New York Bar declares if voluntary vaccinations “fall short of producing needed levels of population immunity,” they will be 100% mandated for everyone in New York State.
This past Saturday The New York State bar association pushed new policy to lean pressure on New Yorkers to volunteer to be vaccinated by passing a policy that would make getting the Covid vaccination mandatory if its not taken by enough people. If it is determined necessary, New Yorkers won’t have the option to turn down the vaccination even if they have philosophical, religious, or personal reasons to not take it.
The New York Bar ruling includes assessing ‘heath threats’s to all the communities so that the mandate could be targeted to more effected areas, “perhaps.”
“The New York State Bar Association (NYSBA) is recommending that the state consider mandating a COVID-19 vaccine once a scientific consensus emerges that it is safe, effective and necessary. But before taking this significant step, the state government should conduct a public awareness campaign to urge voluntary vaccination.”
This resolution, which passed with a majority in the 277-member New York Bar Association, ‘ starts the state of New York and the nation down a very slippery road.’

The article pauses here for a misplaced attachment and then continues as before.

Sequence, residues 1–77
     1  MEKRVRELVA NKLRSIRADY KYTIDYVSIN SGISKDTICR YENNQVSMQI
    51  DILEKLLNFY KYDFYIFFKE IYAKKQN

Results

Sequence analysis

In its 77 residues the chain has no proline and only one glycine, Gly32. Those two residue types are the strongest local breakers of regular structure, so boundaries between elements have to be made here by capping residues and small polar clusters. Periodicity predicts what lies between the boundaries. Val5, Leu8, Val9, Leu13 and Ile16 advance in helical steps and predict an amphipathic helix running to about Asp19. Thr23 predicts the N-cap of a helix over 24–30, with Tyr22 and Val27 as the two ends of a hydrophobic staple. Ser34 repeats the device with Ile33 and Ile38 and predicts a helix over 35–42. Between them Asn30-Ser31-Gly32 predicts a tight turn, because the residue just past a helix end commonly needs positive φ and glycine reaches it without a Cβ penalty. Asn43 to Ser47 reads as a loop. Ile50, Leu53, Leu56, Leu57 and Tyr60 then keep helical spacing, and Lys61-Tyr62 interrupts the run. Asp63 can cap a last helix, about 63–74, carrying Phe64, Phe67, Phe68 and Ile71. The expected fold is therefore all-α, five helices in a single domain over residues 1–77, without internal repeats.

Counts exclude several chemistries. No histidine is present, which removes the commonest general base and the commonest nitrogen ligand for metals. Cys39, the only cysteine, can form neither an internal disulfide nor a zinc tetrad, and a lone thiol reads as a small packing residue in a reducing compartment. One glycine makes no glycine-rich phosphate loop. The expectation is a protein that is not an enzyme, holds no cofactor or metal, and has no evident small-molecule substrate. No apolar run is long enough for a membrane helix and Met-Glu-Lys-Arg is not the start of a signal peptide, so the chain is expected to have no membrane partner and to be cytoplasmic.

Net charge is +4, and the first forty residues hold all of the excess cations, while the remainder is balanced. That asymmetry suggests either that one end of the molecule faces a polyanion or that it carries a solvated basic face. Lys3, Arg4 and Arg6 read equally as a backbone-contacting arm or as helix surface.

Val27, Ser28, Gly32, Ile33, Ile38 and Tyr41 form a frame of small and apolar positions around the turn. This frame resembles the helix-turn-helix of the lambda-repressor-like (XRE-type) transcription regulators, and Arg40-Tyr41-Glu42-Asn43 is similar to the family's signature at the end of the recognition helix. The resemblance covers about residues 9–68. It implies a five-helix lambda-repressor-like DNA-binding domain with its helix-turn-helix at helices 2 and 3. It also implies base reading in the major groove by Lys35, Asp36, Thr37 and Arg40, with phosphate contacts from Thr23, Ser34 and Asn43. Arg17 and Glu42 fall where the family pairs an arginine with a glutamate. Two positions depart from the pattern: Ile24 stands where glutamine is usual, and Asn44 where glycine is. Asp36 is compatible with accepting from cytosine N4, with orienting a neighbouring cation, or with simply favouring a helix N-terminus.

When the New York Bar conducts these health checks they can decide to mandate the Covid Vaccination either to designated zones or to all residents of New York State. Those who have been fighting mandatory vaccine policies took a major hit, and now have to face the very real possibility that such a policy will spread from state to state until the entire country is required to be vaccinated for Covid-19.
With the number of cases again on the rise both nationally and statewide, the association is asking the state to:
- Ensure that vulnerable populations are treated ethically and without discrimination. This includes communities of color, older adults, nursing home residents, people with disabilities, prisoners and immigrants. New York Governor Andrew M. Cuomo and Attorney General Letitia James and two national civil rights organizations have criticized the federal government’s plan to distribute the vaccine through pharmacies. They say the plan falls woefully short of meeting the needs of communities of color that were disproportionately harmed by the pandemic.
- Enact a state emergency health powers act and crisis standards of care addressing gaps in existing law. This is essential to a well-coordinated response to the pandemic, increasing the capacity of the system if there’s a surge in cases. It would also clarify the legal authority and ethical standards for making decisions if there are shortages of anything from personal protective equipment to trained health care workers.
- Release older prisoners and those with disabilities and serious illnesses who do not pose a danger to the community
- Eliminate restrictions on the provision of care by telehealth and increase reimbursement for such services
“WHAT’S NEXT,” says the Washington Sentinel. “The CHIP of course, which is on the agenda for Q1 2021.”